Increased competition in China significantly contributed to Apple's sales decline in the first quarter of 2024, according to a study by International Data Corporation. Since the beginning of the year, Apple's sales have decreased by 9.6%, amounting to 50.1 million units, which allowed the Korean company Samsung to take the leading position with sales of 60.1 million units. Apple's share of the global market is 17.3%, while Samsung's share reaches 20.8%.

Source: Fortune

WSJ: China will switch to domestically produced chips

According to The Wall Street Journal, the Ministry of Industry and Information Technology of the People's Republic of China demanded that national telecom operators stop using foreign-made chips in network equipment by 2027. Chinese media have not yet confirmed this report and report it with reference to the WSJ.

The greatest damage from the ban will be suffered by the American corporations Intel and AMD, which supply significant volumes of semiconductors to the Chinese market, the article says. Thus, in 2023, for Intel, 27% of the company’s revenue came from the Chinese market. At the same time, Chinese companies such as Huawei, SMIC and HiSilicon will benefit from these measures, as equipment based on locally produced processors will be widely used in China.

Source: The Wall Street Journal

Campaign to promote fair competition in Xinjiang

The Xinjiang Uygur Autonomous Region (western China) launched the "Guardian of Fair Competition" initiative, which aims to promote the implementation of fair competition policies, strengthen enforcement of the Anti-Monopoly Law and the Anti-Unfair Competition Law, support equal competition among all market participants, and stimulate innovation and competition.

The campaign plans to:

─ through various channels, collect information about possible violations (local protectionism, market division, anti-competitive agreements, abuse of dominant position, etc.);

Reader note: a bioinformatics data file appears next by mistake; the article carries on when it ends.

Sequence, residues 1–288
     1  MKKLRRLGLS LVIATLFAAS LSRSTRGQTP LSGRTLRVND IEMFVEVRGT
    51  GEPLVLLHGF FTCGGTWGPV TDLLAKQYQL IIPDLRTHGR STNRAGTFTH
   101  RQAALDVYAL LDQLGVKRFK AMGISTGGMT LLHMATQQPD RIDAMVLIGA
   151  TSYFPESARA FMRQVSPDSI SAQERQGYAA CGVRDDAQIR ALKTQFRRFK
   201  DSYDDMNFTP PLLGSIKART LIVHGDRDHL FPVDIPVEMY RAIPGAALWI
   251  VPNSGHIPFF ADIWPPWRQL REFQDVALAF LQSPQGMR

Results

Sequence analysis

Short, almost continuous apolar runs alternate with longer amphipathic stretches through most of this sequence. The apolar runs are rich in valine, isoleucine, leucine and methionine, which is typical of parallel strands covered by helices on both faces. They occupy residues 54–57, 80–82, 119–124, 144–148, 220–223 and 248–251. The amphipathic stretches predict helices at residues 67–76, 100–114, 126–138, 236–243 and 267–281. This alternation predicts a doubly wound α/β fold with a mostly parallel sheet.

─ strengthen control over natural monopolies (water, electricity and gas supply, communications, etc.);

─ strictly check all regulations for the absence of provisions that impede fair competition, use the institution of independent verification;

─ strengthen law enforcement in socially significant markets (pharmaceuticals, beauty industry, training, etc.);

─ combat false advertising and unfair competition using e-commerce technologies.


Solar energy companies have cut investments

Solar energy companies have canceled or delayed 16 investment projects worth more than $8.3 billion due to excess capacity, increased competition and lower prices. Aiko Solar Energy Chairman Chen Gang predicts that future competition will focus on power and quality, pushing out low-quality products. Only 5-6 of the top 10 leaders will remain in the industry, and the sector will grow by 20-30% by 2030.

Source: Yicai Global

City Shop supermarket is being liquidated due to competition

Against the backdrop of actively developing online sales, the large supermarket chain City Shop, which had been on the market for 30 years, could not withstand the competition. The last two stores will close in Shanghai due to losses.

Earlier in 2017, City Shop sold part of its shareholding to local fresh fruit retailer FruitDay. In recent years, the chain has come under pressure from other hypermarket chains, high-end stores and online fresh food delivery services.


Full newsletter


Share with friends

Related content